Public School in Japan [Author:Dr Prajakta Khare, PhD Economic]

6 years back when I first landed in Tokyo, I was amazed by the sincerity, discipline, dedication towards work and above all the level of cleanliness in this country. It was only recently that I realized that the roots of these attributes lie in the elementary schooling system in Japan. Japanese elementary schooling system serves as an excellent example of how text book education could be clubbed together with experiential education.

95% of the elementary schools (Classes I – VI) in Japan fall into the category of public schools; wherein all subjects are taught by the class teacher. Subjects include Math, Science, Japanese, Social Science, English, Arts and Crafts, Music and Physical Education. Weekly club activities include lessons in basic cooking, sewing, stitching, computers and pet care. Elementary education being obligatory in Japan, there are no tuition fees in schools.

The school building has a very simple look, with a security camera installed at the entrance to monitor visitors. School facilities include a play ground, basket ball court, swimming pool, indoor gym, auditorium, library, music room, kitchen studio and a medical care room. The common attire of the teachers throughout the day is sportswear with a whistle round their necks. It’s probably because of this dress but it appears as though there is a never ending flow of energy and enthusiasm within them.

Class teachers do much more than just teaching and managing the class.  They are well aware of every student’s strong and weak points, likes and dislikes, talents and temperaments. Every student is educated and encouraged as per his intellectual capabilities. The teachers are actively involved in the overall psychological growth of the children. Since there are no more than 35 students in each class, teacher-student relations are more interpersonal. Students are free to approach the teacher any time and discuss matters; there is more respect than fear.

Some public schools do not insist on students wearing uniforms. However there are strict rules regarding footwear; students and teachers have to change into their indoor shoes when they enter school. This is an excellent practice that helps in keeping the corridors and class rooms clean.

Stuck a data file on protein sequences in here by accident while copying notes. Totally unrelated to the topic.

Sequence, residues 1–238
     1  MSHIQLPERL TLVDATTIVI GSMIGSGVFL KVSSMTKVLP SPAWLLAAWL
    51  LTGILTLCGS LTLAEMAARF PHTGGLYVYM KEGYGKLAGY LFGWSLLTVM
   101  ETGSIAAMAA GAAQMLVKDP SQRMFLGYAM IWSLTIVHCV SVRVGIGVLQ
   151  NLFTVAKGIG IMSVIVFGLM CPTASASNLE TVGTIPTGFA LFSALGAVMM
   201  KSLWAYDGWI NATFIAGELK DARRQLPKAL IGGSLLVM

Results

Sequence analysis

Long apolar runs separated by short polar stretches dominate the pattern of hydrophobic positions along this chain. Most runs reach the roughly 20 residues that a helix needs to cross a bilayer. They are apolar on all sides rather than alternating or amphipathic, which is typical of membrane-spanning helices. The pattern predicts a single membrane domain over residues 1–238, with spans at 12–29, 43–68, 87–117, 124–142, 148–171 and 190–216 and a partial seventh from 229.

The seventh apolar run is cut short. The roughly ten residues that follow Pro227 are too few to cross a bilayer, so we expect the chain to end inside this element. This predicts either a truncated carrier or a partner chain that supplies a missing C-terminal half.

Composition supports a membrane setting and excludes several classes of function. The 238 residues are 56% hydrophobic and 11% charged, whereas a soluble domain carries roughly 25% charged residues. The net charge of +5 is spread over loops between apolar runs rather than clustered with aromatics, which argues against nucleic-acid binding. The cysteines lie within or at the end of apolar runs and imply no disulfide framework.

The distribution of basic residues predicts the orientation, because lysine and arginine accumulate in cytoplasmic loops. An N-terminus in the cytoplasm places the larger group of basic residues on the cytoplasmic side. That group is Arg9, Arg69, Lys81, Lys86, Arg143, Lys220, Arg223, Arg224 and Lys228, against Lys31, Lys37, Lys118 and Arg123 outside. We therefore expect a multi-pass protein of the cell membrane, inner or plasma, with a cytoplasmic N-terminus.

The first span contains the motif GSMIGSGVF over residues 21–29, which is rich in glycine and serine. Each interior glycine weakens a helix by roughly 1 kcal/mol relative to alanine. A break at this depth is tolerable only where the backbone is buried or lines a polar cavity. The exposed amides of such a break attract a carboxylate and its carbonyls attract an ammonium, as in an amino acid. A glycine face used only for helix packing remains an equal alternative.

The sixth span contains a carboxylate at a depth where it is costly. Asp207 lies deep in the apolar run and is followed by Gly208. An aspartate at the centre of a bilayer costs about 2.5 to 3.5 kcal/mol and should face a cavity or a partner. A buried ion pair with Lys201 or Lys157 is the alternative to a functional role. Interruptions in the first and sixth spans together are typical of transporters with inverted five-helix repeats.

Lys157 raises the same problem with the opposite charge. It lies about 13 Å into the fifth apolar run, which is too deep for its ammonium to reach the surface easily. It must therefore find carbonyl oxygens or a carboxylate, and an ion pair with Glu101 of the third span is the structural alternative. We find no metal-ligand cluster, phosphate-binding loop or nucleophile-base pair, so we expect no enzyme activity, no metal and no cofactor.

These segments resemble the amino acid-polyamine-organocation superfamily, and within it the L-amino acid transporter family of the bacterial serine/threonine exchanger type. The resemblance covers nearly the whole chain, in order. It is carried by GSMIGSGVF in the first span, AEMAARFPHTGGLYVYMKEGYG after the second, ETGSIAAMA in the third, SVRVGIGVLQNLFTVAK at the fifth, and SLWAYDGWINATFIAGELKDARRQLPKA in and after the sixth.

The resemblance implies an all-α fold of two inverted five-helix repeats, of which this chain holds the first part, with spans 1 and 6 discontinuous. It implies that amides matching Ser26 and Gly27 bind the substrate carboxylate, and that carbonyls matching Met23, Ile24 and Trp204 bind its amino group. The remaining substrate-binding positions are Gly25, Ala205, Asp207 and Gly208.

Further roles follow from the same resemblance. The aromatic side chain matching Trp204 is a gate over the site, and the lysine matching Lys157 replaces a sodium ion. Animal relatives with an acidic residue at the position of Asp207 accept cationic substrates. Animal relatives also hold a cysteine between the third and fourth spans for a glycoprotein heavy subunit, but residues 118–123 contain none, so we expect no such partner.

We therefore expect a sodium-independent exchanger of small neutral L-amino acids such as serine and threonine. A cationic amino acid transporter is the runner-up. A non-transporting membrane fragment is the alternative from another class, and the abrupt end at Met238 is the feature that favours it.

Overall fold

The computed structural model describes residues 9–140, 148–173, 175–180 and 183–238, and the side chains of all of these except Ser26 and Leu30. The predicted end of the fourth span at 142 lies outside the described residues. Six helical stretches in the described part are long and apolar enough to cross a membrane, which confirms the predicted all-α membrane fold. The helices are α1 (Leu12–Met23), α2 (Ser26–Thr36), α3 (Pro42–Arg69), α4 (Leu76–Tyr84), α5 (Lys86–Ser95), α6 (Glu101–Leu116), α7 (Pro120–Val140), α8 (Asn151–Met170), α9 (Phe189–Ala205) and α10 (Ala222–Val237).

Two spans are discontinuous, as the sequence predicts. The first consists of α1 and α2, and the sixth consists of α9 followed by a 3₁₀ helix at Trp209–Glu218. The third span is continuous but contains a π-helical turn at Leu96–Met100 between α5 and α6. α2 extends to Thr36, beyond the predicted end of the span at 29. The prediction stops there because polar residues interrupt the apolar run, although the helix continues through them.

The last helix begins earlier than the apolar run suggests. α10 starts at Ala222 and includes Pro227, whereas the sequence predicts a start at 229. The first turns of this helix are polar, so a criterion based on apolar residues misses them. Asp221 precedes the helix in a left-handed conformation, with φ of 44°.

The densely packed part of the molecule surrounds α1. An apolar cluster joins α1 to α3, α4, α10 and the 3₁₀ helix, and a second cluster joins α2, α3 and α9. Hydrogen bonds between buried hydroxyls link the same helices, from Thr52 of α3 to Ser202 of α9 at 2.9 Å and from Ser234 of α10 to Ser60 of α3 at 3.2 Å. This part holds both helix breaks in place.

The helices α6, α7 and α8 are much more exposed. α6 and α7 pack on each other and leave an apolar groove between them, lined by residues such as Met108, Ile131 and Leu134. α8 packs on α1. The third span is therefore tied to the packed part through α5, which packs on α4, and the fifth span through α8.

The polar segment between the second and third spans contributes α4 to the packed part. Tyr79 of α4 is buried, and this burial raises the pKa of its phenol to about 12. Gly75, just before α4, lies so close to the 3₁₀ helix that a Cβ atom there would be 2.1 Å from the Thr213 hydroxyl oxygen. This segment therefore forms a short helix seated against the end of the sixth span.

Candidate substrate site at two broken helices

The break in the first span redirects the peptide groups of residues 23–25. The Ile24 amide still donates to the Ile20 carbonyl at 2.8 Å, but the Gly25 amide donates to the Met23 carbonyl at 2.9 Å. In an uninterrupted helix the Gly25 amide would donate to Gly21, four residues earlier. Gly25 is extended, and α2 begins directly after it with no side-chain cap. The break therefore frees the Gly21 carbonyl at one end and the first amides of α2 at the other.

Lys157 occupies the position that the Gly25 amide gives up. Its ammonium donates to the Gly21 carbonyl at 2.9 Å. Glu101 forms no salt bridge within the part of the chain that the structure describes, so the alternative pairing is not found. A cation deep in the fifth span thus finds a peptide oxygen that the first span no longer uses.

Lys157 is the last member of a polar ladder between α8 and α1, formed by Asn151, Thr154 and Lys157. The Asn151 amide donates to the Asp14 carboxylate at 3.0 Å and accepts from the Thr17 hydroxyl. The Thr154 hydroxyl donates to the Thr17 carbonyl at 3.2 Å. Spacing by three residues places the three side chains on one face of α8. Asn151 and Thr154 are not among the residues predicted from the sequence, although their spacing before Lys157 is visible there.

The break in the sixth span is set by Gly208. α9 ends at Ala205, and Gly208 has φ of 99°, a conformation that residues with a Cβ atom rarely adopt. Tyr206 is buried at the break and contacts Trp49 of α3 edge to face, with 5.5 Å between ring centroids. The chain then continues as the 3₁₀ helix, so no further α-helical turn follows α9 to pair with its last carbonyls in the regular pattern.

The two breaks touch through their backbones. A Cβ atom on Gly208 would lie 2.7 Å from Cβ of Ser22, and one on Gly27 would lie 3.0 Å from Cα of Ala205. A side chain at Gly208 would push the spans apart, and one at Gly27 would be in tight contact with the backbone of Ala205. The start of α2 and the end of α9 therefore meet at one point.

‘Sports’ as a subject is given substantial importance in Japanese schools. Every student is encouraged to select a sport of his choice and thereafter is trained in it. Also, in the months of July-August, swimming is a compulsory activity and is thoroughly enjoyed by students.

The most remarkable feature of Japanese elementary schooling system is the manner in which practical education of several subjects is incorporated in daily school life; thus making “learning” more interesting. For example, students interested in gardening are made to plant marigolds at the beginning of the year. Watering these plants, looking after their growth is the responsibility of the students. For students who like pets, rabbits, hamsters etc are kept in school. Students can visit, feed and play with them after school hours. Similarly, for students interested in fish, a fish tank is maintained in class. In the course of time, students learn how to feed the fish, clean the tank etc. All the above mentioned activities are done under the supervision of the teachers. Also, while studying about insects, students are taken to a nearby park and made to look for, hold and observe these insects. No wonder then that their fear vanishes and they develop a fascination and curiosity for these creatures.

An excellent illustration of experiential education can be seen during the lunch hour. In all Japanese public schools, lunch is provided in the school at a very small price of less than 300yen per day. Lunch includes salad or soup, eggs, rice or noodles, fish, meat, a fresh fruit and milk. This school lunch system grew out of concern for adequate nutrition in the immediate post war period.